By L&T Managing Editor Larry Phillips
The city and county have requested six-month exemptions from the concealed carry law that went into effect Monday. Let’s hope they listen to the people and comply with the law on Jan.1, which as I pointed out last week doesn’t entail spending a bunch of money buying metal detectors and hiring more employees that have to watch that equipment, while getting full medical, and dental, and retiring with KPERS.
The community college board looks as if it will be asking for the four-year extension, according to the minutes released of its June 24 board meeting.
“Dr. Duane Dunn, SCCC/ATS president, told the board that the college has more than 167 doors. The legislation describes adequate security measures as having metal detectors and personnel at each building entrance. The cost would exceed $10 million for equipment and personnel for the first year,” the release noted.
It went on to report, “Liability insurance will be an issue as well, (Dunn) said. The college’s insurance carrier may not continue its coverage if faculty and students are allowed to carry weapons. Only trained campus security would be allowed to carry weapons.”
That statement disturbed me.
After some investigation, I found two insurance companies – or underwriters – that will not only cover a school or municipality or county – but it doesn’t cost any more than those groups are paying now.
The Kansas State Rifle Association told me the current underwriter for most of the state's public entities was E.M.C., and that its internal position is “No Guns.”
It looks as if that group is pushing an anti-gun agenda by threatening entities they will be dropped from its insurance if they comply with the new law. Some people call that extortion, but I won’t go that far … yet.
I got an interesting response to some questions from the office of the Kansas Insurance Commissioner.
Jim Newins, Property and Casualty Division Director of the Kansas Insurance Department, said no specific rules were written into the law, so his department does not have access to the underwriting guidelines used by insurance companies to accept an application or whether they continue to provide insurance coverage of an existing policy.
“This in turn means we do not know which insurance companies will insure communities that implement or adopt a conceal and carry firearm statute or ordinance,” Newins said.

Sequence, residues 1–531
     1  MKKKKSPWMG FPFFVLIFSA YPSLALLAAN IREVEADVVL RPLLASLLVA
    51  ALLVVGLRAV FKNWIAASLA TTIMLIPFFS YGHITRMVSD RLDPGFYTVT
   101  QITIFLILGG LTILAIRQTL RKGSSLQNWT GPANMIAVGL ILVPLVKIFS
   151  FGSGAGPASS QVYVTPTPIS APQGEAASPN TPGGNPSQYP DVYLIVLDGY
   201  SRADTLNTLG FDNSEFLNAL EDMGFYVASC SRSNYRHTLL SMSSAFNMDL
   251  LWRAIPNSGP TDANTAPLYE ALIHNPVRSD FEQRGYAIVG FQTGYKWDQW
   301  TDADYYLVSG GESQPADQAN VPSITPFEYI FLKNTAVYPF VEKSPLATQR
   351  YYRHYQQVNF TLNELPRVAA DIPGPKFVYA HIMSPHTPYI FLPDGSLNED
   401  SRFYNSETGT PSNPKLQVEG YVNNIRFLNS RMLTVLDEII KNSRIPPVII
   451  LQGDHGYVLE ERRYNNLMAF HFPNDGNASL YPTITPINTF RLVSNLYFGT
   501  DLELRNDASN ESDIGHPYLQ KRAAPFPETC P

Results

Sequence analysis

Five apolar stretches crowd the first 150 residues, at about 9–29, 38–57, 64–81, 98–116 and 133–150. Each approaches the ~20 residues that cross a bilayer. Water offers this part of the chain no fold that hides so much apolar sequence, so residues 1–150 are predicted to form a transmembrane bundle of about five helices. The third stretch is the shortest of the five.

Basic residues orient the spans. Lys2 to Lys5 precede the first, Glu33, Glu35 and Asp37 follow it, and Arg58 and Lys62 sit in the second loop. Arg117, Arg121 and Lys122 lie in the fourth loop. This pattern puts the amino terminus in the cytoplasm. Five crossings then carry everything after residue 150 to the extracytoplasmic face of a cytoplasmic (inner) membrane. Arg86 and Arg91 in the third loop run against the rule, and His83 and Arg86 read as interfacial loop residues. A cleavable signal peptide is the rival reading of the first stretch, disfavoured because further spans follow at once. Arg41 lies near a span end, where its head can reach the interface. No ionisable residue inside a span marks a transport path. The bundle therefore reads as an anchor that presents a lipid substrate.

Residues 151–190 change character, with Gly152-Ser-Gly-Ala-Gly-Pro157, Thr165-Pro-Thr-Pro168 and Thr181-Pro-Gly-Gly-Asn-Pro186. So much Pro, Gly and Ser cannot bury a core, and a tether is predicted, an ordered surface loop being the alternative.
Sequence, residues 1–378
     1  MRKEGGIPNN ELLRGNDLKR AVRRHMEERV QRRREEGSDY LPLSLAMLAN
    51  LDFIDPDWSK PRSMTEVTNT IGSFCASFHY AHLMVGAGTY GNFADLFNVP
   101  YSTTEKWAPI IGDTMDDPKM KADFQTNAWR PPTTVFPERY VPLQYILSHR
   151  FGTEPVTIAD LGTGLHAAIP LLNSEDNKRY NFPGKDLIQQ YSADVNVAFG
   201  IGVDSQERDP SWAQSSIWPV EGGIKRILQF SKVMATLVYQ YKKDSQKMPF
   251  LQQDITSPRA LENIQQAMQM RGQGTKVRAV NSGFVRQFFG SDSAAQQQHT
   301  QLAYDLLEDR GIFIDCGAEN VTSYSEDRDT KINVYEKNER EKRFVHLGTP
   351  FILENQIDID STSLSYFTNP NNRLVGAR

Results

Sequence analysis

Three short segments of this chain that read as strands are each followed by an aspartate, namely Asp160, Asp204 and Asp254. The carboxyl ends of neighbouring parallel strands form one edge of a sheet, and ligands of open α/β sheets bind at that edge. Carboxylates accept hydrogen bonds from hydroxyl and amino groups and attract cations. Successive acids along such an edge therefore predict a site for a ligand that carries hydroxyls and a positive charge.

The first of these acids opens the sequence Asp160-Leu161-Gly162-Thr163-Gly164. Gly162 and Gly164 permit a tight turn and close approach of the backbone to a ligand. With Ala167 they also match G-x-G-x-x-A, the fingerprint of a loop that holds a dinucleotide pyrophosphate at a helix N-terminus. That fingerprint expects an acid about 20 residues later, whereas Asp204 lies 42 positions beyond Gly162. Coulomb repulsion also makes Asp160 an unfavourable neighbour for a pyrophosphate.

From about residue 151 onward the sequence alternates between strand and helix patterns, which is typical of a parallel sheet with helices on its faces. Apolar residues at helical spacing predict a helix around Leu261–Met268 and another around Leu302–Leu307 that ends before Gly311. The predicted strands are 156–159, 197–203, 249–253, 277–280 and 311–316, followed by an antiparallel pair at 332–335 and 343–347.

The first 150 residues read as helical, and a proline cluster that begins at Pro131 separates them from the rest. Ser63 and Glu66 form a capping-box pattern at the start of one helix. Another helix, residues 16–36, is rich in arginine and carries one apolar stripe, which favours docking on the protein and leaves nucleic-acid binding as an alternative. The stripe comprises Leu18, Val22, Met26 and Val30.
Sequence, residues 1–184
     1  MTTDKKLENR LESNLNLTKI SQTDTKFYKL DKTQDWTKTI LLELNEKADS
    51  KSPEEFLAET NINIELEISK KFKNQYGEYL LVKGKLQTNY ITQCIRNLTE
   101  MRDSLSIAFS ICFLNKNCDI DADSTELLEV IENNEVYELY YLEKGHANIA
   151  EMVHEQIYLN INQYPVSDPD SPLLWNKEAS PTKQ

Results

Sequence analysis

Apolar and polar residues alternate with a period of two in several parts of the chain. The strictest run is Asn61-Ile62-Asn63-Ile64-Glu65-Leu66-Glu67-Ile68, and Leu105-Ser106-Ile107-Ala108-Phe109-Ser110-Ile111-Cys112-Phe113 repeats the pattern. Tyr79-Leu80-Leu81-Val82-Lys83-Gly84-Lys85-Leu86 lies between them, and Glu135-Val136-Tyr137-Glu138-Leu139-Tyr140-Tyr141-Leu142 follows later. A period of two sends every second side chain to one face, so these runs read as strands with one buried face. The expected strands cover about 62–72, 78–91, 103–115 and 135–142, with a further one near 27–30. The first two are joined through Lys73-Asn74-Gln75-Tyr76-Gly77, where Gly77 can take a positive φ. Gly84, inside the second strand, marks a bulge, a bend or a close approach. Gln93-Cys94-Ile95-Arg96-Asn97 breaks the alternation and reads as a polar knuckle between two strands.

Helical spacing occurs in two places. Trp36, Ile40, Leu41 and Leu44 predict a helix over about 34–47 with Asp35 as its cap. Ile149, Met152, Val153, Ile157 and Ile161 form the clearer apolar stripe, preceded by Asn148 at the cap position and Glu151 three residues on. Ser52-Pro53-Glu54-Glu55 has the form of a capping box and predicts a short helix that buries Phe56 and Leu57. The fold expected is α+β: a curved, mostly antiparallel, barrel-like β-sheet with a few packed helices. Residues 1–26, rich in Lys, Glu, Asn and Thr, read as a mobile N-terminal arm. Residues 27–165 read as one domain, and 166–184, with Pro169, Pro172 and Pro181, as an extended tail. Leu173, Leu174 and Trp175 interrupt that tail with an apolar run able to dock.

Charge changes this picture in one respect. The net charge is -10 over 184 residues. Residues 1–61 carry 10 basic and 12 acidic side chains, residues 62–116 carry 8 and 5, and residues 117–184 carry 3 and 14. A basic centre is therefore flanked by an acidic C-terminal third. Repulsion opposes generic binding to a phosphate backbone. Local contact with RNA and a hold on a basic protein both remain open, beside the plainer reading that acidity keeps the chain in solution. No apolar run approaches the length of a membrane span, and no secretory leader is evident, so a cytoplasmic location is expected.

Another point he brought up is having the city, school or county put this item in the insurance bid package. (Are we bidding out our insurance coverage?)
“The other way is for the community to place the conceal and carry requirement in their insurance bid specifications,” he said. “Insurers that place a bid with the conceal and carry requirement in the bid specification will knowingly be accepting this risk.”
Currently, Seward County Community College doesn’t allow guns because of the exemption request, and the signs they have put on every door is befuddling. One has to read the smaller print, “On and after July 1, 2013, all persons licensed to carry concealed handguns under the personal and family protection act are prohibited from carrying concealed handguns within this state or municipal building because either a temporary exemption or adequate security measures are in place pursuant to 2013 Senate Sub. for House Bill 2052.”
I am somewhat comforted by what Dunn was quoted as saying in the meeting report.
“It will take some time to put together a plan, but we can’t let it go for four years,” Dunn said. “It’s something we have to begin working on.”
Hopefully, he means opening it up for concealed carry soon. I surely hope the board doesn’t try to keep guns carried by legally certified permit holders off campus.
Again, the question is: Will the board OK spending $10 million the first year to do that? When considering there is no cost to any taxpayer if it just complies with the law?
It is bothersome when looking at that “no guns” sign. In my opinion, it’s an open invitation for evil people to enter at will and do as much harm as possible to innocent folks.
Here is a gruesome reminder – Virginia Tech was a “no gun” school on April 16, 2007.
Seung-Hui Cho walked into a school building that morning with a .22 caliber semi-automatic Walther pistol, a Glock semi-auto 9 mm handgun and 17 clips for his guns.
The first shot was recorded at 9:40 a.m. The police didn’t arrive until 9:50. While law enforcement was staging and clearing the entrance area, they heard the last shot go off at 9:51. It took them another four minutes to move into the hallway.
In just 11 minutes, Cho was able to shoot 53 people – killing 30 of them.
Common sense tells me if a professor or a responsible student had a concealed carry certificate and a weapon, there’s a good chance Cho could have been stopped earlier in his free-for-all shooting gallery.
Here is a question for our citizens to ponder: Are our elected officials letting personal agendas get in the way of people’s ultimate safety?